One of the things I emphasize most to prospective students is that their views of their future aspirations will most definitely change over the course of undergrad. The main reason for this is that up until high school, you are surrounded by a very small subset of people. You might not be from a very diverse or multicultural home town, and it may be your first time being exposed to people of certain races, different ethnical foods, different professors’ teaching styles, different weather, etc.
I’m going to do a series of posts that talk about different topics that a person will be exposed to during their undergrad - starting with:
Choosing your program != Choosing your life career
I have had people telling me their 10 year plan of going to grad school after undergrad. This is likely due to traditional parents’ influences in a time or place that required grad school for people to be given a better job selection. For fields like medicine and law, yes, you will need to embark on several extra years of education. But many people will find out that they don’t actually want to do science or they don’t actually want to become a lawyer, though, and there is nothing wrong with that. Unfortunately high school usually doesn’t provide a good indication for how you will like your undergrad major, and how you will like your future job. Luckily most universities provide flexibility for transferring between various programs.
I don’t think people realize it but transferring programs is a very common thing to do. If you’re going into UW’s specialized programs - AFM, all disciplines of Engineering, our double degrees with laurier, CFM, BioTech/CA, etc. you can see that these programs are extremely specific and allow very little room for electives and exploration. These programs are set for specific future roles, and they tend to be more competitive to get into. But these programs aren’t for everyone. I know a lot of AFM friends that realized mid-way that they really don’t want to be an accountant for their career, and switch out to a different arts program. I know a number of double degree friends who end up just dropping into the degree they like more. There is nothing unusual about transferring programs, and you do NOT necessarily need to perform badly a course to realize that. You also should not think of it as a downgrade if you ever decide to transfer. Although I will not be talking about comparing two individual programs as worse or better than the other, I highly discourage inflicting these opinions on others. Everyone has their own reasons.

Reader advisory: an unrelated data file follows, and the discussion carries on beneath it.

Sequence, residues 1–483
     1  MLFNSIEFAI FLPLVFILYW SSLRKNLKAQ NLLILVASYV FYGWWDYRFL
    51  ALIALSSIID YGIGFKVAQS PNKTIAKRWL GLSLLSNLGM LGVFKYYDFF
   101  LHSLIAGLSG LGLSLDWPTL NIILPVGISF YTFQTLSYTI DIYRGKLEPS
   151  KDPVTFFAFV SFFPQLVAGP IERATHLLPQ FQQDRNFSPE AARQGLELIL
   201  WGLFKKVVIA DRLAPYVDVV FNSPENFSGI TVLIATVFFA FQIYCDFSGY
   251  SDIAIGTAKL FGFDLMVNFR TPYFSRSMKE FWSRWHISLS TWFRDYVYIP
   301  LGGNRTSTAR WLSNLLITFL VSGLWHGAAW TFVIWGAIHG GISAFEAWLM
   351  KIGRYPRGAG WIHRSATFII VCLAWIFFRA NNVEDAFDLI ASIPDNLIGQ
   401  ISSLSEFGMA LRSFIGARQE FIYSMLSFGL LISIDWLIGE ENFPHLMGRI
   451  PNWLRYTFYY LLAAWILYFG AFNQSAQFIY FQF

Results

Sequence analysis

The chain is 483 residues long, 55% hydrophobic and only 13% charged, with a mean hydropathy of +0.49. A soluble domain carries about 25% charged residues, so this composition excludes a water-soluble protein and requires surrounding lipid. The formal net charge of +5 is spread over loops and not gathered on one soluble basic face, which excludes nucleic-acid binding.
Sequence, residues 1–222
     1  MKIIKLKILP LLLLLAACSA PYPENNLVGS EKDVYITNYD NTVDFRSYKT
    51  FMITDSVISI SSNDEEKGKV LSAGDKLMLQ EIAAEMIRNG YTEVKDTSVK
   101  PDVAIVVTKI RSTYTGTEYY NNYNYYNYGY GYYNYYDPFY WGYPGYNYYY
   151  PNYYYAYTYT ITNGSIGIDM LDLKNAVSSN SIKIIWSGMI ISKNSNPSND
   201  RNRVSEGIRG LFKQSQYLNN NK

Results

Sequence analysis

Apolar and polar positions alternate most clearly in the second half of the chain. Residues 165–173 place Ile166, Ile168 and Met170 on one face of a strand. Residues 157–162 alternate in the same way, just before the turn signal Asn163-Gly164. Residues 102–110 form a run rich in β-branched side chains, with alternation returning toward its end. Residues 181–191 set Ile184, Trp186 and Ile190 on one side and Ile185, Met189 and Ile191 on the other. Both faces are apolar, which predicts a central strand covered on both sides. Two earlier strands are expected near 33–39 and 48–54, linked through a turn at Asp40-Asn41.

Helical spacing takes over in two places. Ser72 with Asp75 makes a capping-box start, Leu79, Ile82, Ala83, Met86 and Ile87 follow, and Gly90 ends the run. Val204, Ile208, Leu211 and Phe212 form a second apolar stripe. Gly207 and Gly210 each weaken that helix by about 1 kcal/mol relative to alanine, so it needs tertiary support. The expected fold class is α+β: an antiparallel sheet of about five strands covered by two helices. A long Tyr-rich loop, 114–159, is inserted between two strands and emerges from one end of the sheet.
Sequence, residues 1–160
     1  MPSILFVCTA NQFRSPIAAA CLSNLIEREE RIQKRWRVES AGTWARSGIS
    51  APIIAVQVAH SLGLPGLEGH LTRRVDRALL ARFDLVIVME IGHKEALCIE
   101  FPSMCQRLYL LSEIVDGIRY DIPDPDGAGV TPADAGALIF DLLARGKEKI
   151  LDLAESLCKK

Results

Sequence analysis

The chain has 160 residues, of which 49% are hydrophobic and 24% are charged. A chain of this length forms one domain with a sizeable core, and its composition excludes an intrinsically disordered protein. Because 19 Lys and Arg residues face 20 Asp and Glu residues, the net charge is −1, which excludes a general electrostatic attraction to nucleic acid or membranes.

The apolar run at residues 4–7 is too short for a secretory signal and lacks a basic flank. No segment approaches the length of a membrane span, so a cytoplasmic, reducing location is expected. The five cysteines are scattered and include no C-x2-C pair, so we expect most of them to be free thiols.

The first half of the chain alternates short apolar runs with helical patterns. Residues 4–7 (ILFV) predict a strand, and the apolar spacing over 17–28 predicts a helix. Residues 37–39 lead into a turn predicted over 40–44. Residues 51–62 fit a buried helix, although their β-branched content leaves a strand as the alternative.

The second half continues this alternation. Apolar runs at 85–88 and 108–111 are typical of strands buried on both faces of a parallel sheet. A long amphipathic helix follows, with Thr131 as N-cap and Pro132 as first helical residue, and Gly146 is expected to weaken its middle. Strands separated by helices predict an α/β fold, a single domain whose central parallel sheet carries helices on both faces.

General programs like Biochemistry, Arts & Business, Computer Science, and Math tend to allow a lot of room for exploration at the beginning, and eventually you have to declare a major (by then you have hopefully found what you liked, and maybe if you like two things, declare 1 of them as your minor). This is how undergrad should be, but Waterloo just happens to have a bunch of very specific programs aimed at very specific careers.
Engineering is very specialized because you can gain designation after undergrad, but in return, you go through some very tough years of undergrad. A master’s isn’t really necessary, though a number of people still pursue a master’s or even a phD if they are really interested in certain research areas.
Whether you start of in a general program or a specialized program, make sure you think about whether it is what you really want to study by the end of your first year, because it gets to be more difficult to transfer as you move further into your upper years.
Length of Undergrad
Another concerning topic is the idea that you should finish undergrad in 4 years, or even 3 if you fast track. The unique thing about Waterloo, though, is that everyone finishes in about 5 years anyway due to co-op. And once you really become accustomed to co-op and seeing that it helps pay for your tuition, helps break up your amount of school work and stress factors, you might consider extending the length of time taken to complete your degree. Yes, meaning people take less courses per term so they can reduce work load. This is completely fine in most programs but again, if you are in a specialized program, you will likely not be able to take a smaller work load due to availability of courses being limited to specific terms. You basically can’t do it in engineering at all if you want to graduate in the year intended.
I have a ton of CS friends who had the freedom to take 1 less course per term, or maybe drop a course if they didn’t like it some term ago, and are making it up at the end. They would simply graduate 1 or 2 terms later. And this is completely normal. So please, to the people who may have failed a term due to bad life choices, it’s not a big deal. Many people stay up to a year to finish up undergrad.
On the contrast, I have a friend who majored in Physics and graduated ahead of time because she didn’t have co-op and it is completely normal to have a study term in the spring/summer.
TL;DR: although it’s important to plan ahead and understand your options, your perspectives will change once you actually experience undergrad, and there’s nothing wrong with taking a few extra terms to finish school.